Telecommuting has become increasingly popular over the past decade. More than 60 percent of organizations surveyed by the Society of Human Resource Management in 2016 said they allow some type of telecommuting. Offering remote employment presents benefits to both the employee and the employer. The employees, particularly working parents, relish the greater flexibility it provides. It also offers employers the opportunity to cut down on ever-increasing overhead costs. But how does allowing employees to work from home affect an employer’s workers’ compensation policy? What does a compensability analysis look like when an employee is injured at home?
Much like any normal workers’ compensation case, any injury occurring while the employee is working from home will be deemed compensable so long as it arose out of the employment, and occurred in the course and scope of the employment. A Florida Judge of Compensation Claims recently ruled that an adjuster’s slip and fall while making coffee in her kitchen was compensable under the Personal Comfort Doctrine. In that case, the “Telecommuting Agreement” required the adjuster set up a permanent work space in the house. The adjuster did so and worked during the employer’s normal business hours of 7:00 am to 3:30 pm. Her injury occurred at 10:00 am, when she tripped over her dog in the kitchen during a coffee break. The Telecommuting Agreement did not restrict the area where she could take breaks, where she could use the bathroom or what personal property she could keep in her home, including pets. The JCC determined that the agreement essentially established the claimant’s home as an extension of, or satellite office of the employer. This case was therefore no different than any normal employee sustaining an injury while getting coffee from the employer’s break room.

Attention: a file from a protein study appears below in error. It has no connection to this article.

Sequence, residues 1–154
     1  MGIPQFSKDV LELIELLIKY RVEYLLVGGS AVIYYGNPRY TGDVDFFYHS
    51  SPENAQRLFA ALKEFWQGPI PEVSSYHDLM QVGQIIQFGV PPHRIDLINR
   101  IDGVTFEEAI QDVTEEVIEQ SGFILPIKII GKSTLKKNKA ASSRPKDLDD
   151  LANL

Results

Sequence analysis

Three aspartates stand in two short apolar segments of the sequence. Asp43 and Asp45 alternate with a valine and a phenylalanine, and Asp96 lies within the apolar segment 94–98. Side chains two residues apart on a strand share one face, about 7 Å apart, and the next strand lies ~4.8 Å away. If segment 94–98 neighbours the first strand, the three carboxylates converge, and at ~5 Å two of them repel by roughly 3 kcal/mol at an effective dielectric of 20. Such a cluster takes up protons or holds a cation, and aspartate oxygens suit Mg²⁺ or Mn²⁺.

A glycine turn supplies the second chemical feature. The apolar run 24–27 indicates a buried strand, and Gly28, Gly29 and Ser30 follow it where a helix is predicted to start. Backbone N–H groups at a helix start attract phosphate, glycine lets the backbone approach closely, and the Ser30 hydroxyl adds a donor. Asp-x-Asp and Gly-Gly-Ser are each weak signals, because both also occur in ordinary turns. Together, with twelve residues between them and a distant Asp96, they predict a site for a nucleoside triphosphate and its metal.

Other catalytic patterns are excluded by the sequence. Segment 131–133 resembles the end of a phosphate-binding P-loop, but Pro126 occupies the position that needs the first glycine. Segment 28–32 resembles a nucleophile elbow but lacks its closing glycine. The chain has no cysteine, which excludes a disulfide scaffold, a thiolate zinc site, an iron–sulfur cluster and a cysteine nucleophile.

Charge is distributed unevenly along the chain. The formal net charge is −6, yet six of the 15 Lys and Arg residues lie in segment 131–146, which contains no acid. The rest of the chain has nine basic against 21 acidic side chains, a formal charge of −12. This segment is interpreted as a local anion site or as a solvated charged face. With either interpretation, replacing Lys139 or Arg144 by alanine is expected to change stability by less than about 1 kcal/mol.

The analysis gets more complicated when you realize the multitude of situations that could arise with remote employees. What if a remote employee is injured while unloading their car? Or taking care of their children? What if they are injured while working from their local coffee shop? All three of those situations could either be compensable or non-compensable depending on the agreement between the employer and employee. Any remote employee agreement should clearly define the designated workspace in the house. If not, any injury occurring anywhere in the house or remote location could be deemed compensable. The agreement should also clearly define the employee’s working hours. Doing so makes it less likely that an injury occurring before or after work hours would be deemed compensable.
Any alleged injury occurring at home would still be subject to all existing case law regarding compensability. Any deviation from employment, such as cleaning the house or taking care of children would likely be sufficient to bring the injury outside of workers’ compensation coverage. These cases are quite fact specific, so please reach out to any of our offices for questions regarding compensability decisions.
 Pew Research Center, Changing Views about Work, http://www.pewsocialtrends.org/2013/03/14/chapter-1-changing-views-about-work/.